WiFi or Ethernet: Which One is Better?
If you ever found yourself in a situation where you had to look up what can negatively affect internet speed, you probably came across the Ethernet, a hardwired connection, as a solution to slow speeds. Among WiFi alternatives, it’s the fastest, safest, and most reliable connection. But which one is better – WiFi or Ethernet?
In this blog, we’ll explore the differences between WiFi and Ethernet in terms of speed, reliability, convenience, and more. Each comes with its own set of pros and cons. Choosing one over the other will ultimately depend on what your priorities are when it comes to managing your home network.
Keep reading and learn everything you should know about the WiFi vs Ethernet debate.
WiFi vs. Hardwired Connection: What’s the Difference?
Ethernet is a cable-based LAN technology that with the right equipment can support up to 10 gigabits per second (Gbps) speeds. You can connect to a personal computer or multiple devices to Ethernet to create a wired home network. The most popular Ethernet cables are Cat 6, Cat 7, and Cat 8.
On the other hand, WiFi is a wireless technology that uses radio frequencies. It’s currently the most common type of home network and how most people use the internet. WiFi requires no cables past your home router. Data doesn’t travel through a cable but rather through the air, using the radio frequencies of 2.4 gigahertz and 5 gigahertz.
Below, we’ll compare WiFi and Ethernet across categories that matter most for the internet, including speed, security, convenience, and management. Let’s see which one wins each section.
Internet Speed: Ethernet
Ethernet is one of the best ways to boost slow internet speeds. It also makes the internet signal more stable and consistent. By plugging the Ethernet cable into your computer, you can reach the top speed advertised by your ISPs. For example, if you signed up for 1 Gigabit internet and want to see what 1 Gbps looks like in action, plug in your Ethernet cable. Similarly, hardwired connections mean less latency, also known as ping. As a result, data moves faster and there’s less congestion on the network. Because of this, Ethernet is particularly popular among gamers who want to experience as little lag as possible.
WiFi, on the other hand, is not necessarily going to reach the top speeds in your internet package as the connection quality also depends on many variables. Some of the variables include the router model, position of the router, frequency, and interference. So, if you’re on a 1 Gbps plan, you might reach approximately 850 Mbps on WiFi.
While Ethernet is more secure, WiFi is the more convenient option. With Ethernet, you’ll need to run cables from your router to each device for them to connect. This can be inconvenient if you have a lot of devices that need Internet access. It can also be a nuisance if you like to move around a lot. Once the Ethernet cable is plugged into your computer, you won’t be able to switch places easily.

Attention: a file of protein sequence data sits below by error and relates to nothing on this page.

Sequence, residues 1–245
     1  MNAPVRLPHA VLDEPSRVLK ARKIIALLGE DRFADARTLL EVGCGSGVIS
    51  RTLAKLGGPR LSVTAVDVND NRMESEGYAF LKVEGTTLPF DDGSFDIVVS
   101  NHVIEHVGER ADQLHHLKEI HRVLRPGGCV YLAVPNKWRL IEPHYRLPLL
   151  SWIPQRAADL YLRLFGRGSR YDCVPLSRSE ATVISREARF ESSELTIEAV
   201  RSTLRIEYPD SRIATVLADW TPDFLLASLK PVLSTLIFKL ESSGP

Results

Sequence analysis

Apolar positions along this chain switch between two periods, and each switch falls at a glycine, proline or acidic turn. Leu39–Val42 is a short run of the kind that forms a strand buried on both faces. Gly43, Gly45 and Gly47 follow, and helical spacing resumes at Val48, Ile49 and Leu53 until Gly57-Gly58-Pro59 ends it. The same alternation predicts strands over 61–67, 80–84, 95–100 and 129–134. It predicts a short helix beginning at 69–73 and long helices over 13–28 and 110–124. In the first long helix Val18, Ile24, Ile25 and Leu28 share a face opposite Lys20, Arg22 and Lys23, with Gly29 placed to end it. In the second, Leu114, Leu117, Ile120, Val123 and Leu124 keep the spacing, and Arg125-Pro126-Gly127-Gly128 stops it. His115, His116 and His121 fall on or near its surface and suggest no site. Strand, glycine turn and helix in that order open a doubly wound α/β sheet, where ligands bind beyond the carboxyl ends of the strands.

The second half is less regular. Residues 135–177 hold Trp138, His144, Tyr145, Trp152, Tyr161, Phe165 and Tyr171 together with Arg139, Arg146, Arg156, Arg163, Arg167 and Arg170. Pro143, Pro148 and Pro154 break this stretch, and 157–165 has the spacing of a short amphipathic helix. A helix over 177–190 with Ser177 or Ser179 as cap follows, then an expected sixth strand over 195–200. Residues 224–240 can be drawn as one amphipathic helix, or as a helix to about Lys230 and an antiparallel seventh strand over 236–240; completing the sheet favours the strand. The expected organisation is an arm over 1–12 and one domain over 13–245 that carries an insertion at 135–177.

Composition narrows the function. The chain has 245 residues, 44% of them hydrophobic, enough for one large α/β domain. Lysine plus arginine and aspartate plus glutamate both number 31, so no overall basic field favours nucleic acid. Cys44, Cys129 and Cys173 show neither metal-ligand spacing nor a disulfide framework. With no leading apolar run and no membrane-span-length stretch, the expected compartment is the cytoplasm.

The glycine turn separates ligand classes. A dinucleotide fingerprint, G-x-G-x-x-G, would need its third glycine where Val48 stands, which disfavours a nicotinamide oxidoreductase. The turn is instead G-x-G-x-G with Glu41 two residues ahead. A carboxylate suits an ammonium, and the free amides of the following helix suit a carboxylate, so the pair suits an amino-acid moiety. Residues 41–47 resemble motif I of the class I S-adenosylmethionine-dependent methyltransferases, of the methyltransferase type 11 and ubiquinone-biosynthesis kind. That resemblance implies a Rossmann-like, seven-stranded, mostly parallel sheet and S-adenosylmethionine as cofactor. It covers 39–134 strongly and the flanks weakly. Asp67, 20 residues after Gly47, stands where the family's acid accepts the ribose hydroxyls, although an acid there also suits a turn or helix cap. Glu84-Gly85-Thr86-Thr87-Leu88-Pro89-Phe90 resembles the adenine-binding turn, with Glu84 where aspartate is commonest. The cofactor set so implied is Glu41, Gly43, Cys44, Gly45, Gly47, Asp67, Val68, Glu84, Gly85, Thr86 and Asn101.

Additionally, smartphones, tablets, and smart home devices don’t have Ethernet ports. So if you want to connect them to the Ethernet, you first need to invest in a USB adapter.
In the matter of online safety and security, Ethernet takes the cake. With a hardwired connection, data travels directly through the cable. So you can rest assured that strangers can’t simply hop onto your network.
Unlike Ethernet, when using WiFi, data travels through the air. This makes data vulnerable to interception and cyberattacks. Anyone can connect to a WiFi network. But don’t worry. If you use a secure password on your network and anti-virus software, WiFi is also safe.
IoT Device Management: WiFi
The number of connected devices in our homes is increasing every year. For example, smart home devices are growing more popular and affordable. In addition, it’s far easier to manage them wirelessly than it would be with cables.
With WiFi, it’s possible to connect with more than 100 devices depending on your network. Now, imagine how many cables and switch boxes that would be with Ethernet. It’s far easier to manage your home with WiFi – especially if it comes with an app that helps you manage the entirety of your home network.
WiFi or Ethernet: Closing Thoughts
Hopefully, you now know which type of connection you should choose for your home network: WiFi or ethernet. Of course, the answer depends on your priorities and use case. Let’s recap the benefits of both WiFi and Ethernet below.
A hardwired connection has the following strengths:
- You can reach higher internet speeds
- Your internet connection is more stable and secure
- Lower latency, which is great for gamers
These are the main benefits of WiFi:
- A wireless connection that doesn’t require any cables or switch boxes
- More convenient if you want to move around with your laptop
- It’s compatible with all devices, including IoT devices
- You can use it to connect more devices simultaneously
If you want more security and speed but don’t mind sacrificing convenience, then Ethernet is your best choice. But if you value convenience above all, then Wi-Fi could be a better option. Especially if you already use wireless devices like smartphones, IoT devices, and other devices without the Ethernet port.
But remember, WiFi or ethernet, the quality of your internet connection ultimately depends on your internet plan. If you choose an internet service provider that offers a high-speed reliable connection, your online experience will be exceptional on WiFi and Ethernet.